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Branching out

CONCERNS about WA becoming a branch economy have been around for a long time, but the issue has gained more currency with the drama of Shell’s bid for Woodside.

That battle, rightly or wrongly, has been won for now by Woodside and the forces railing against such a loss.

Business News firmly backed Woodside’s efforts because this newspaper was concerned about the impact that a loss of decision makers would have on our economy.

While we would generally discourage political interference in business, we decided it was time to go to our Business Panel and ask them if WA was becoming a branch economy.

The answers we have received are as mixed and varied as could be possible, reflecting the different industries, businesses and personal opinions of the diverse group we have assembled.

Perhaps the most interesting responses were those in the smaller scale of business who may feel the effect of such economic change before the bigger players.

The concern about losing decision makers from an economy is likely to be felt by those with less resources to develop relationships outside their immediate sphere of influence.

Maybe they are the canaries in the coal mine. Or maybe they just need to get out more ... out of the WA, that is.

There is no doubt that niche, flexible performers who are prepared to travel can win business from other markets. Those attached the lifestyle here, prepared to fly and able to use technology well, can be successful from WA’s low cost base.

Gresham Partners, which successfully advised South Africa’s Billiton on its merger with Melbourne-based BHP, show just what is possible.

But, while there is an obvious trickle down, these sorts of niche service businesses don’t directly employ the same amount of people as the headquarters of a big company like Woodside.

Anyway, that is my view for what its worth. Reading the views of our Business Panel may convince you differently.

What reforms?

IT is interesting see the matter of workplace reforms, which was so pressing during the election earlier this year, has slipped off the State Government’s to do list.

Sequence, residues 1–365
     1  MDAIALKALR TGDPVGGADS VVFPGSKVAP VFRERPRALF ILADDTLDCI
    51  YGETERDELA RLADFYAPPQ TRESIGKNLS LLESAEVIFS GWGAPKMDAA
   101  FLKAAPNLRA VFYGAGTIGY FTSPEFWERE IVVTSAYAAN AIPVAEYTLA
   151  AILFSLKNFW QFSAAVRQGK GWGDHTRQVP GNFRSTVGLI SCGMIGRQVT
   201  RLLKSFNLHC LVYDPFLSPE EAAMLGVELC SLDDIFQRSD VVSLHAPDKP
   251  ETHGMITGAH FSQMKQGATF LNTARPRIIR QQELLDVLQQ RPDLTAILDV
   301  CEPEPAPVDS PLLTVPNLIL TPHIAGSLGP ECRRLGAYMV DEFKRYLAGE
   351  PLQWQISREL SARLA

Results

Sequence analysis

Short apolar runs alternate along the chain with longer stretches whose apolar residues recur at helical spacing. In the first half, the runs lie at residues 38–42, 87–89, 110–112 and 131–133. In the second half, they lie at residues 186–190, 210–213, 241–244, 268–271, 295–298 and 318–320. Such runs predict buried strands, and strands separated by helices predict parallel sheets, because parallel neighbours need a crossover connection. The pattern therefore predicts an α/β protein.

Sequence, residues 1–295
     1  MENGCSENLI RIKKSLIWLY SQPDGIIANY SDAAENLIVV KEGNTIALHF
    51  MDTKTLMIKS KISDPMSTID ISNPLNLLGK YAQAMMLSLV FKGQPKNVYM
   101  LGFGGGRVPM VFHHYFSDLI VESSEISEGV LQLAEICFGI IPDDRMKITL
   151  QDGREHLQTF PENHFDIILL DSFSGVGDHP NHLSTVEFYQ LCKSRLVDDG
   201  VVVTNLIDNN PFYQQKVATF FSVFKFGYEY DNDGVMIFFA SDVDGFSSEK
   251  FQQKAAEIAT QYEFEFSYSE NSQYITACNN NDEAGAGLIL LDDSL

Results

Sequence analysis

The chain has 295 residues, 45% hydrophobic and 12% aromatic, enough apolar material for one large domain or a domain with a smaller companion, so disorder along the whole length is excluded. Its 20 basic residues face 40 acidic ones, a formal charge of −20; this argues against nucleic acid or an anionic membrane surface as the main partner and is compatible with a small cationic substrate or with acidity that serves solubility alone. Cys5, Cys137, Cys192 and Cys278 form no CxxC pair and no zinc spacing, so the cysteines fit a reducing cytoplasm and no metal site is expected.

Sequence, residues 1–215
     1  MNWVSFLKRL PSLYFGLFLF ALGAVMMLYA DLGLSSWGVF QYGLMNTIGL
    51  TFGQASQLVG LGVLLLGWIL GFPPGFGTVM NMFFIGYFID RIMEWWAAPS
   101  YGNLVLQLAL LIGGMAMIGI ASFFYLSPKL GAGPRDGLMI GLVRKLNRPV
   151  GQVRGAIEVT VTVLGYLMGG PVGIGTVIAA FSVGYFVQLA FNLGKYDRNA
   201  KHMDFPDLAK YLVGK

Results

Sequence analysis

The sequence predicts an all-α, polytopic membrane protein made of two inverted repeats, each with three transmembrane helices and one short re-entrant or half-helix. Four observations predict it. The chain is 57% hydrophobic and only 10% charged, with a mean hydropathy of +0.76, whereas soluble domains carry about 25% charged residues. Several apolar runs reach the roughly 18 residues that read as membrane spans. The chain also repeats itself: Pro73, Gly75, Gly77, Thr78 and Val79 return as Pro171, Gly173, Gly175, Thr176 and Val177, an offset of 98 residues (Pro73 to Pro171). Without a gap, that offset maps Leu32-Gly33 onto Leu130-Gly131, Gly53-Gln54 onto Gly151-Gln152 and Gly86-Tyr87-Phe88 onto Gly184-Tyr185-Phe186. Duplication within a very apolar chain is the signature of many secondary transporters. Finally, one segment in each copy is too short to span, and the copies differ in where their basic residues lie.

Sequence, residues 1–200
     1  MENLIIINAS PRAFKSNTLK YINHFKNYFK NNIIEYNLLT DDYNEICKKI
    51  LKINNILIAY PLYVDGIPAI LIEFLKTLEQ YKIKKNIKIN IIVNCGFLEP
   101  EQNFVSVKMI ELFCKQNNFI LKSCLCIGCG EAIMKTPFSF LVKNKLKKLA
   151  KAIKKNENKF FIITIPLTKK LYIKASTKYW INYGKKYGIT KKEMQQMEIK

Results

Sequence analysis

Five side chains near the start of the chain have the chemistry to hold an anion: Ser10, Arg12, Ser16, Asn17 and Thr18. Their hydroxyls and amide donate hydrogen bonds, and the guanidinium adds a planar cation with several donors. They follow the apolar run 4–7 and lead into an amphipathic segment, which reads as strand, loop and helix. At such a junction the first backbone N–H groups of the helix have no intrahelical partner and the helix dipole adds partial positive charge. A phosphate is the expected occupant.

Not that we mind. Business is happy with what is currently in place and would be glad to see the previous Government’s efforts left in place.

So is this a calm before the storm or, more ominously, a sign that Geoff Gallop’s crew is waiting to see if Labor can succeed federally before they weigh in on the WA scene?

Federal Liberal stirrer Tony Abbott believes that WA’s new Government is holding off on sweeping changes because it does not want to jeopardise the chance for Labor to sweep into office nationally on the back of small businesses unhappiness with the GST.

There is certainly no doubt that Labor can be far more disciplined than the Coalition forces when it comes to looking after party interests – and few could be more important than winning control in Canberra.

It is worrying, though, that business is not getting a chance to feel what a Labor Government might really do in the area of workplace reform, ahead of the federal election.

Just as the WA Liberal Party’s loss offered a wake up call to its federal counterpart, so might a few changes to WA’s industrial landscape offer an equally alarming message to Labor.

Then again, maybe Mr Abbott is wrong and Dr Gallop really is in control of our State’s destiny.

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